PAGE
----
IDEAS home Printed from https://ideas.repec.org/p/wpa/wuwpdc/0405011.html
   My bibliography  Save this paper

The Trouble with the MDGs: Confronting Expectations of Aid and Development Success

Author

Listed:
  • Michael Clemens

    (Center for Global Development)

  • Charles Kenny

    (World Bank)

  • Todd Moss

    (Center for Global Development)

Abstract

Growing concern that the Millennium Development Goals (MDGs) will not be achieved by 2015 should not obscure the bigger picture that development progress has been occurring at unprecedented levels over the past thirty or more years. At the same time, the MDGs may perhaps create an unnecessary pessimism toward aid by labeling many development successes as failures. The first MDG of halving the number of people living in poverty will probably be met globally, but for most developing countries to achieve this at the national level, the growth rates required are at the bounds of historical precedent. Additionally, there appears to be only a weak relationship between aid and rapid economic growth. A similar problem holds for many of the other education and health goals. For many countries, the rates of progress required to meet the MDGs by 2015 are extremely high compared to historical experience and there is only a tenuous relationship between expenditure and outcomes. Nevertheless, estimates that an additional $50 billion in aid per year is necessary to meet the MDGs are frequently misinterpreted to suggest that it is also sufficient. Most of the goals are unlikely to be reached, but this will probably not be due primarily to shortfalls in aid. This is in part because development is a long-term and complex process dependent on relieving more than a supply-side constraint on resources. Aid remains vital and contributes to development progress, but even considerable increases in aid are unlikely to buy these particular goals. Goal setting is also useful, but continuing to suggest that the MDGs can be met may undermine future constituencies for aid (in donors) and reform (in recipients). The MDGs might be better viewed not as realistic targets but as reminders of the stark contrast between the world we want and the world we have, and a call to redouble our search for interventions to close the gap.

Suggested Citation

  • Michael Clemens & Charles Kenny & Todd Moss, 2004. "The Trouble with the MDGs: Confronting Expectations of Aid and Development Success," Development and Comp Systems 0405011, University Library of Munich, Germany.
  • Handle: RePEc:wpa:wuwpdc:0405011
    Note: Type of Document - pdf; pages: 42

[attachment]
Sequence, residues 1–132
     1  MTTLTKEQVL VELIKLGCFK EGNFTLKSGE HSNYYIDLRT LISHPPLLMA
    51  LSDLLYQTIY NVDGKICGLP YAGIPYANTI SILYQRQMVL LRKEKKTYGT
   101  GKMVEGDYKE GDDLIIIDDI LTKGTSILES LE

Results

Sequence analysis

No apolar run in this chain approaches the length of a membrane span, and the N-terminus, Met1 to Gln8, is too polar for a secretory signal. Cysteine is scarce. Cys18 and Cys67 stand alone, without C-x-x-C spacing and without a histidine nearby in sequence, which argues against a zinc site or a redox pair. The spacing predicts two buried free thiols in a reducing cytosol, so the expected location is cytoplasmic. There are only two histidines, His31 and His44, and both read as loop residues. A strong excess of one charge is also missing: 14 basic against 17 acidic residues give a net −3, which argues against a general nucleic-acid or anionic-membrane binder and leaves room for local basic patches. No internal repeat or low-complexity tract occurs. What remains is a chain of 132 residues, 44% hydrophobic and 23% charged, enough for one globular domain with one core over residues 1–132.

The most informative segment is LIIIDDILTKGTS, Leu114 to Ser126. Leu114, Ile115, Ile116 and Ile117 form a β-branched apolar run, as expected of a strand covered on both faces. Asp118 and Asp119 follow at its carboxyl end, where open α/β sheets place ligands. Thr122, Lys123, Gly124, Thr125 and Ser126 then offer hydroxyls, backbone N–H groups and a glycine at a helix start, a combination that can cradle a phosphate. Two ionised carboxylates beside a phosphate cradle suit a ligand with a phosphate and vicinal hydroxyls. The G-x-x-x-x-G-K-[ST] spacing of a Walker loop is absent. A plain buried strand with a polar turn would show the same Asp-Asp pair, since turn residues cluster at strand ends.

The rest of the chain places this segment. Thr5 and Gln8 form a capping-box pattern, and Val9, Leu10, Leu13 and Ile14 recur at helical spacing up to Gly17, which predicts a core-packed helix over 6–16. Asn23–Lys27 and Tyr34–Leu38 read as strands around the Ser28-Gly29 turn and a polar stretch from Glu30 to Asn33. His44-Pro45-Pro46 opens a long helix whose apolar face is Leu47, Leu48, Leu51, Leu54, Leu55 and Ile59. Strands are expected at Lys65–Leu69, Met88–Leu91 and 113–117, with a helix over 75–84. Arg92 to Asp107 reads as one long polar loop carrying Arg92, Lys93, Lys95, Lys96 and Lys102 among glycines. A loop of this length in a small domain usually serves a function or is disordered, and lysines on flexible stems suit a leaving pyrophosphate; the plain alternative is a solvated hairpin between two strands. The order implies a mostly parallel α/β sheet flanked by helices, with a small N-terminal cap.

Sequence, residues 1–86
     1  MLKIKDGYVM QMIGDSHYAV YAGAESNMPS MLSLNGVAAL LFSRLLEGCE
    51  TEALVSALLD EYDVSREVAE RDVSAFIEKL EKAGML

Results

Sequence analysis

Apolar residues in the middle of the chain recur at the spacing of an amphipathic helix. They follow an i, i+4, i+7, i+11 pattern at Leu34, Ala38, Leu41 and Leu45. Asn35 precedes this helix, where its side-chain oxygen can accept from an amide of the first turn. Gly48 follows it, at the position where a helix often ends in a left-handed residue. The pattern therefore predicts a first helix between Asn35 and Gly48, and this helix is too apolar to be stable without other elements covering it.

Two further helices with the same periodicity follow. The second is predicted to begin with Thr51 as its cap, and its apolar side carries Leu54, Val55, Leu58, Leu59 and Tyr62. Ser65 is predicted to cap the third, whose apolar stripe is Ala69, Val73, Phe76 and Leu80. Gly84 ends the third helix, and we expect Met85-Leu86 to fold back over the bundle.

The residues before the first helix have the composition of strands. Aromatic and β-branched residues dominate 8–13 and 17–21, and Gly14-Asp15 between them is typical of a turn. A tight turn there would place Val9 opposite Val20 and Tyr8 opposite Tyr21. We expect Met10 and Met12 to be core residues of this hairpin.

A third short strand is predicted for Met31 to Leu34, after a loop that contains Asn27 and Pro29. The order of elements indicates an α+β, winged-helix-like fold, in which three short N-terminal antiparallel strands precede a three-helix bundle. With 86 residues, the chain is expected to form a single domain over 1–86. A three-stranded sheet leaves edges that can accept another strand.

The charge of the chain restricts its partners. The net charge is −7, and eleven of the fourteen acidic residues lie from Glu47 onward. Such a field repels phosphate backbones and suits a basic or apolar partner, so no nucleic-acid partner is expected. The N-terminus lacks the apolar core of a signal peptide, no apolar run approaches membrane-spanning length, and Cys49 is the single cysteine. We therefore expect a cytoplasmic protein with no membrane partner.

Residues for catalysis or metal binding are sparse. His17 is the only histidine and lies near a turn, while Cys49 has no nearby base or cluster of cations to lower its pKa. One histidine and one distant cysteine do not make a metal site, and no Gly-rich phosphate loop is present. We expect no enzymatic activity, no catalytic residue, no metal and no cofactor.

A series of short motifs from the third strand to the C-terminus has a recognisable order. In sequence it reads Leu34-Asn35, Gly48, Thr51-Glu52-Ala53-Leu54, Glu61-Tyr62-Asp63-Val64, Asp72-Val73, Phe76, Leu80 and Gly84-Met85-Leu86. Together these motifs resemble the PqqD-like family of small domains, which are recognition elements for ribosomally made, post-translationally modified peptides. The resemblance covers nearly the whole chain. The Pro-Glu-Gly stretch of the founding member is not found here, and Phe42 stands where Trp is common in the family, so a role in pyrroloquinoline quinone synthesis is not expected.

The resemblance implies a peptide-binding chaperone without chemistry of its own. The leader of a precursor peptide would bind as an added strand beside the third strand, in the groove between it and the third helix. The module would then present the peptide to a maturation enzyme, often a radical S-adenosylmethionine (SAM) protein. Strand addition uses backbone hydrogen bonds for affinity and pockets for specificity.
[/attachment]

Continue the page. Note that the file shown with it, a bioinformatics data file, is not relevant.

as

    Download full text from publisher

    File URL: https://econwpa.ub.uni-muenchen.de/econ-wp/dev/papers/0405/0405011.pdf
    Download Restriction: no

    Other versions of this item:

    References listed on IDEAS

    as
    1. Hicks, Norman L., 1982. "Sector priorities in meeting basic needs: some statistical evidence," World Development, Elsevier, vol. 10(6), pages 489-499, June.
    2. Lant Pritchett & Lawrence H. Summers, 1996. "Wealthier is Healthier," Journal of Human Resources, University of Wisconsin Press, vol. 31(4), pages 841-868.
    3. Easterly, William, 2005. "National Policies and Economic Growth: A Reappraisal," Handbook of Economic Growth,in: Philippe Aghion & Steven Durlauf (ed.), Handbook of Economic Growth, edition 1, volume 1, chapter 15, pages 1015-1059 Elsevier.
    4. Pritchett, Lant H. & DEC, 1994. "Desired fertility and the impact of population policies," Policy Research Working Paper Series 1273, The World Bank.
    5. Dollar, David & Kraay, Aart, 2002. "Growth Is Good for the Poor," Journal of Economic Growth, Springer, vol. 7(3), pages 195-225, September.
    6. Easterly, William & Kremer, Michael & Pritchett, Lant & Summers, Lawrence H., 1993. "Good policy or good luck?: Country growth performance and temporary shocks," Journal of Monetary Economics, Elsevier, vol. 32(3), pages 459-483, December.
    7. Kenny, Charles, 2005. "Why Are We Worried About Income? Nearly Everything that Matters is Converging," World Development, Elsevier, vol. 33(1), pages 1-19, January.
    8. Collier, Paul & Dollar, David, 2001. "Can the World Cut Poverty in Half? How Policy Reform and Effective Aid Can Meet International Development Goals," World Development, Elsevier, vol. 29(11), pages 1787-1802, November.